What Do Baby Snakes Look Like?
Generally, baby snakes are strikingly similar in appearance to adults. The most obvious difference is in size. Coloration, scales, and head shape differ from species to species but generally remain the same when comparing adults to babies. Baby snakes do have a distinguishing egg tooth on their snout that allows them to exit the egg or live birth sac. This protrusion tends to fall off early on in a young snake's life.
Baby snakes tend to be independent almost immediately after birth. Some stay near their mothers initially, but adult snakes do not provide protection to their offspring. As such, young must capture their own food to survive. Baby snakes feed on prey including insects, small amphibians, and rodents smaller than themselves. Young snakes grow rapidly and reach sexual maturation in two to three years.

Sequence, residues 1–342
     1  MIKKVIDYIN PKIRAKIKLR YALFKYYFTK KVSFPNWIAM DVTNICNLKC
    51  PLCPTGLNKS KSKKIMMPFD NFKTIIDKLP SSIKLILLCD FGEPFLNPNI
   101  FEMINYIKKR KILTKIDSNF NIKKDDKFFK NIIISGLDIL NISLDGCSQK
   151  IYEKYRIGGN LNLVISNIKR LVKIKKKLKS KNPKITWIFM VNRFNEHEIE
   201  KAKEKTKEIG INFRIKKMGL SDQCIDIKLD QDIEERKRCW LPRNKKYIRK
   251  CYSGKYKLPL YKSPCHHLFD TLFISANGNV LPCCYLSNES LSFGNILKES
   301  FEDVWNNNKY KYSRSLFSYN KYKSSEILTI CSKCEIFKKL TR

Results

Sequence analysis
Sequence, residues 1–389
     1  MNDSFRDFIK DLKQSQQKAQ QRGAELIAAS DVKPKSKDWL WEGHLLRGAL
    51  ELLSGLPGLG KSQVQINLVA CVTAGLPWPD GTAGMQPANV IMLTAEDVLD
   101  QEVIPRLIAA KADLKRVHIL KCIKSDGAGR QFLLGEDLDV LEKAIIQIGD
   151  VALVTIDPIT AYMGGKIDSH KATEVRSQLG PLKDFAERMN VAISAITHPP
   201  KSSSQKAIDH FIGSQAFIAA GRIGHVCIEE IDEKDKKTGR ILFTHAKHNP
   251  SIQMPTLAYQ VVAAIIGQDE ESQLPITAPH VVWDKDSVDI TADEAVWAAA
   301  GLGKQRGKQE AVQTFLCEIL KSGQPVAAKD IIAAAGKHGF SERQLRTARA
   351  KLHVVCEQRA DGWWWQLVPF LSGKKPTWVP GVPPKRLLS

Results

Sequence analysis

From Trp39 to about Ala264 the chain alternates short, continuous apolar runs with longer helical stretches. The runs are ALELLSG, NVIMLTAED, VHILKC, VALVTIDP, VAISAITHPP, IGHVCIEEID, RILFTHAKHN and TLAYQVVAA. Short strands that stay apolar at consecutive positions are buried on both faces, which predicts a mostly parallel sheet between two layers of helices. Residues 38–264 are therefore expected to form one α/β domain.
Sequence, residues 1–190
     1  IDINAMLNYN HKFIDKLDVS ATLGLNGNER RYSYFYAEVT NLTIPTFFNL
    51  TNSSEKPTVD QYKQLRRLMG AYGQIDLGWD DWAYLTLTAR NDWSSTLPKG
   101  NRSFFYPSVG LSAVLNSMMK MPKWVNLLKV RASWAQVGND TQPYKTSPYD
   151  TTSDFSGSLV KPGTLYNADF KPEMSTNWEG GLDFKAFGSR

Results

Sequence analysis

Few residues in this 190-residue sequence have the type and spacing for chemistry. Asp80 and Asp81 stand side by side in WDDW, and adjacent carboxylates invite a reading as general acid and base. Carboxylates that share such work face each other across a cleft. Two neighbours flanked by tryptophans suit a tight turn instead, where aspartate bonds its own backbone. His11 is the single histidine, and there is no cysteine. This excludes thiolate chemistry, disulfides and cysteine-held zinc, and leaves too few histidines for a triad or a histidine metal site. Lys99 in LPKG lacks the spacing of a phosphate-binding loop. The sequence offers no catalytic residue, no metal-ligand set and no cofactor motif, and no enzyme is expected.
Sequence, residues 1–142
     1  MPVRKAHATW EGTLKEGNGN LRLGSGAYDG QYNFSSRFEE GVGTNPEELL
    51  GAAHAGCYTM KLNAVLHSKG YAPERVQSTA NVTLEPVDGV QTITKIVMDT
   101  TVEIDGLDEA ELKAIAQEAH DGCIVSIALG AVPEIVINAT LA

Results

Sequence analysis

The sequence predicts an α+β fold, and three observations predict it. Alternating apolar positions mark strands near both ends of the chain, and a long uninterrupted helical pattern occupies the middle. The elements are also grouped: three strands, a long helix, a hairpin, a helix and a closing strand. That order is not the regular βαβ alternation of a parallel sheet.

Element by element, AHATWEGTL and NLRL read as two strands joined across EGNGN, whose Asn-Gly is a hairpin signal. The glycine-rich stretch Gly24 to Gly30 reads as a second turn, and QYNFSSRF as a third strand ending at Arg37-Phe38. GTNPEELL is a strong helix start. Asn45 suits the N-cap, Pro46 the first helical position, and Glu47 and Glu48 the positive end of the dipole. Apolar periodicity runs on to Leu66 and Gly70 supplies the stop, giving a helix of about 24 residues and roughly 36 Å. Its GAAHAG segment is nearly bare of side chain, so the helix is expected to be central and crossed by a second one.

Property owners should use caution when they encounter any size snake as babies can still bite. Additionally, young venomous snakes are typically still deadly. Finding an entire brood of baby snakes often indicates the presence of an infestation and should be dealt with accordingly. Contact local pest control services as soon as you encounter baby snakes to ensure swift removal.